Power plan makeover to encourage small traders

Power plan makeover to encourage small traders

The revised national power development plan (PDP) is set to add energy blockchain technology to the master plan to allow very small power producers (VSPPs) to serve as peer-to-peer electricity traders, says the Energy Ministry.

The PDP draft is scheduled to be finished by September, which will create a blueprint for Thailand's energy outlook for the next two decades.

The master plan can be revised any year, depending on economic sentiment.

Minister Siri Jirapongphan said the revised PDP will open the energy sector up to new disruptive technologies that can enhance efficiency and secure the power generation system.

"The new version will include renewable power from solar, hydro and waste-to-energy as well as new electricity generation from a power storage," Mr Siri said in a seminar titled "A Future of Thai Energy", held by Thansettakij newspaper, with over 300 stock investors in attendance.

He said that peer-to-peer power trading will allow generators and users to exchange surplus power output, aiming to encourage startups in the energy sector.

"Energy policymakers aim to encourage the VSPPs to compete in the power generation market as independent and small power producers [IPPs and SPPs], operating power plants and selling electricity to state utilities," said Mr Siri.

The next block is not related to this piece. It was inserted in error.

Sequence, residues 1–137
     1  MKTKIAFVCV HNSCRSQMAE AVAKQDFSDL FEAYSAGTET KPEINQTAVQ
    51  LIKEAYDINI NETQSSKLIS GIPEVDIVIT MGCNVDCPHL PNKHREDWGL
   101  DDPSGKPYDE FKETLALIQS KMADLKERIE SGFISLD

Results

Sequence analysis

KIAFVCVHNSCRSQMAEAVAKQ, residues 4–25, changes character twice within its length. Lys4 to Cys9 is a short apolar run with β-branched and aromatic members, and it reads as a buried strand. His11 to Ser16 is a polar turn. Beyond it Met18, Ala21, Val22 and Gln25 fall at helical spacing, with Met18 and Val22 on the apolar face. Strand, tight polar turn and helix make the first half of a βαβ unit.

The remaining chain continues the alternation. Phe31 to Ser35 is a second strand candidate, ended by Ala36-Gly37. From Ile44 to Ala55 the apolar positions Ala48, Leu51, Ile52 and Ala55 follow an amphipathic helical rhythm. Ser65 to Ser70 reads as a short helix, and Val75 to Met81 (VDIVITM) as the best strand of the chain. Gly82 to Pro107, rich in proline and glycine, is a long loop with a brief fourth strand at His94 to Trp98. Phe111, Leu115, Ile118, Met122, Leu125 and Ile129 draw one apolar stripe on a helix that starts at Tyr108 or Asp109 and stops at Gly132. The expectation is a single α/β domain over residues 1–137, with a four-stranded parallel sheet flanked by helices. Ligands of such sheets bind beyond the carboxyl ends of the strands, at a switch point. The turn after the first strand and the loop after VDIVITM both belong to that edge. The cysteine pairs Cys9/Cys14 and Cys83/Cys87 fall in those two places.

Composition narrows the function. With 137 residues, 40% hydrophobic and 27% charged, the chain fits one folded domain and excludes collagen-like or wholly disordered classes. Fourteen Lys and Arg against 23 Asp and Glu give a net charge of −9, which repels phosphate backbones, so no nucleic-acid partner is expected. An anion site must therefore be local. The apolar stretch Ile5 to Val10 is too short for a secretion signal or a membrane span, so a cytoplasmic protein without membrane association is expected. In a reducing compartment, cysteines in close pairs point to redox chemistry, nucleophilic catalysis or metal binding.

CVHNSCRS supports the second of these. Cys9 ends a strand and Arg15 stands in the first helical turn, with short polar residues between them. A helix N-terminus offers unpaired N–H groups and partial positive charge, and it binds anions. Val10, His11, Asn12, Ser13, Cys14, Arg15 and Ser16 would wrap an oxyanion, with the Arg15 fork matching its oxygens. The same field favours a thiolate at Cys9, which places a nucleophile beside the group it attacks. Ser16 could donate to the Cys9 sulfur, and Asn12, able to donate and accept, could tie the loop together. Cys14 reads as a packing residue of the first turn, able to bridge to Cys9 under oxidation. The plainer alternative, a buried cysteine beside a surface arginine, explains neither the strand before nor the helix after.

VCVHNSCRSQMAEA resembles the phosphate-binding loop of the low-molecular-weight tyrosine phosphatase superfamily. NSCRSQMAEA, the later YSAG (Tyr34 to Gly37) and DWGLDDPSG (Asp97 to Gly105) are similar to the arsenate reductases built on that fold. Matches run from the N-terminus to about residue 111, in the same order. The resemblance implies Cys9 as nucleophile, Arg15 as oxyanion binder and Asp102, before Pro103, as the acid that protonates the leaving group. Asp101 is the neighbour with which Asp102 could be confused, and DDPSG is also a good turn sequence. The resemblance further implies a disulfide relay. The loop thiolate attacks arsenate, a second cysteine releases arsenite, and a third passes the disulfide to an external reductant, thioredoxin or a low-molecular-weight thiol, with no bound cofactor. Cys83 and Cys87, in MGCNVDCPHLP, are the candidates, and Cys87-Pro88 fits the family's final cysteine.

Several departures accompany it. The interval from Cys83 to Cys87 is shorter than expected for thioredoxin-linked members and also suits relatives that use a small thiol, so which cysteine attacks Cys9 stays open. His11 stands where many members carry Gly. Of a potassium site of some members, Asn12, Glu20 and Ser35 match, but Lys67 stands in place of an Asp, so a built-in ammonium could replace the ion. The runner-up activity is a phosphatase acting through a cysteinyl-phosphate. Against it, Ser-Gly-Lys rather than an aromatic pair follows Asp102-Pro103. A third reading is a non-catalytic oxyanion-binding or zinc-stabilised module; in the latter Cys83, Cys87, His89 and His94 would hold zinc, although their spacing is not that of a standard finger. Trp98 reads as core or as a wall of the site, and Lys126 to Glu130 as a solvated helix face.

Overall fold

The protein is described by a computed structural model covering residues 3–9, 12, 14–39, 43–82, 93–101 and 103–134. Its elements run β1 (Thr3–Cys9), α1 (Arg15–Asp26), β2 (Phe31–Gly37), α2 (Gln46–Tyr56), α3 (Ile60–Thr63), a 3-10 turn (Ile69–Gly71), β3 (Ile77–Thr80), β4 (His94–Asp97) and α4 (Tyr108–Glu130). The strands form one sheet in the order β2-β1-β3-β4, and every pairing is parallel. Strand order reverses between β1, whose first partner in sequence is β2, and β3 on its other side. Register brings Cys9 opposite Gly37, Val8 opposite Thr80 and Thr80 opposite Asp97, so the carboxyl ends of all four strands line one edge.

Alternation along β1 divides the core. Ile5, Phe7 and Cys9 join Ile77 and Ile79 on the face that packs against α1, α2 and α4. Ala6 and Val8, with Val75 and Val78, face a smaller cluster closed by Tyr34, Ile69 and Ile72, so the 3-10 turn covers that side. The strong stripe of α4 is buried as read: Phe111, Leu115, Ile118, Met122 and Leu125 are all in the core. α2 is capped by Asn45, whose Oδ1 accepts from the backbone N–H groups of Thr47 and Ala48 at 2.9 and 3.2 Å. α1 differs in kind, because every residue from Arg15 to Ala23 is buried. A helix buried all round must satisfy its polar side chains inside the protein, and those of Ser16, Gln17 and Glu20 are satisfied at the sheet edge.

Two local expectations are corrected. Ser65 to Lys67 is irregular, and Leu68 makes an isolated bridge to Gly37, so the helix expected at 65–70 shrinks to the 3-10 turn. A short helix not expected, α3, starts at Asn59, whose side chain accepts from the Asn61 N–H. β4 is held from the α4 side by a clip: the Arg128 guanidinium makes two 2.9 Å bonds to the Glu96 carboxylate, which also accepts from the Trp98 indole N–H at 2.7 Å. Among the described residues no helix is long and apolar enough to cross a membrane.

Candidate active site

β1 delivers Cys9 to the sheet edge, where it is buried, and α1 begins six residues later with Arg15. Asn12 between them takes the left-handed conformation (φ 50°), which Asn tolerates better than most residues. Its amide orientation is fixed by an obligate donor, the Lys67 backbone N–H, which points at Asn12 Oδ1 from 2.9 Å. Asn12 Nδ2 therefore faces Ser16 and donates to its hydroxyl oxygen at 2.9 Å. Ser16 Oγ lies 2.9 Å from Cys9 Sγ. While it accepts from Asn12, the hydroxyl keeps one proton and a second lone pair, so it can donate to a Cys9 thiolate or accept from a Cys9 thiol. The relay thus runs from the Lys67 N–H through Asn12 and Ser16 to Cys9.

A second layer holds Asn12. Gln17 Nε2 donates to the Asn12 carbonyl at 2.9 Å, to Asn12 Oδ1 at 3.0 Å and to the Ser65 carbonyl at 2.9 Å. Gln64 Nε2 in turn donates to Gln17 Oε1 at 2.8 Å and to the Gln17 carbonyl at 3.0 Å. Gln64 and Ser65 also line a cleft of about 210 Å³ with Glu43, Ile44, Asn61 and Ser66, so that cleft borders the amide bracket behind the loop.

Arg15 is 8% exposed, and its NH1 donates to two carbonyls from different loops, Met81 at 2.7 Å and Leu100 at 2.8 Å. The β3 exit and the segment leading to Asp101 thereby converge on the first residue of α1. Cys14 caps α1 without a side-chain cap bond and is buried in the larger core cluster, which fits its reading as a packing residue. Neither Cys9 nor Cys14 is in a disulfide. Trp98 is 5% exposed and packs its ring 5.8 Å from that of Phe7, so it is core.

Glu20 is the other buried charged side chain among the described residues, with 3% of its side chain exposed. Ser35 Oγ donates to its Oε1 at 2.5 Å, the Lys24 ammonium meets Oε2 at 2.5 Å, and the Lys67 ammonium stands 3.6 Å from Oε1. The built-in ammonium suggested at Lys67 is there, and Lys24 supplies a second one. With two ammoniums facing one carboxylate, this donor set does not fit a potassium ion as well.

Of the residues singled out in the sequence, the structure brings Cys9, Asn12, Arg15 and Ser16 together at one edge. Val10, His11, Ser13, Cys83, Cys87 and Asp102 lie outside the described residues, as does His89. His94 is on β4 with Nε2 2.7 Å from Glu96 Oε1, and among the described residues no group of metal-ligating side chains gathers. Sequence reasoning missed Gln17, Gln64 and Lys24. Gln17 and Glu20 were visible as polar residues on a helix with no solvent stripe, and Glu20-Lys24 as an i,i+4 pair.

The three power utilities are Electricity Generating Authority of Thailand (Egat), Metropolitan Electricity Authority and Provincial Electricity Authority.

"Moreover, policymakers do not want Egat power plants, IPPs and SPPs to dominate the power generation market in the future," he said.

Mr Siri said the new PDP version will cancel the fixed quota for fossil power generation, but shift to a flexible quota.

The existing PDP was imposed in 2014 with a fixed quota for fossil power generation until 2036 -- 35% gas-fired power and 30% coal-fired power. The plan has allotted 20% of power to be purchased from neighbouring countries, 20% from renewable and 5% from nuclear sources.

Moreover, Mr Siri said the details for the solar photovoltaic (PV) rooftop promotion programmes will completed by 2018.

He said the programme is suitable for newcomers or startups to open small-scale solar PV rooftops.

The country's first PV programme was launched in 2013 to a warm welcome from investors, but coincided with political turmoil. The ministry postponed the distribution of 2,000-megawatt licences.

Furthermore, solar PV farms that were granted licences before 2013 have not seen further development.

Separately, policymakers are planning to allocate 200 million baht to build a pilot plant for lithium-ion and lithium-sulfur batteries, which is an R&D project for students at Vidyasirimedhi Institute of Science and Technology (VISTEC).

The new plant will be located at Wangchan Valley in Rayong, adjacent VISTEC, which is owned by national oil and gas conglomerate PTT Plc.

The Energy Conservation Fund will financially support the project, which is expected to spearhead the country's energy saving and efficient consumption campaign.

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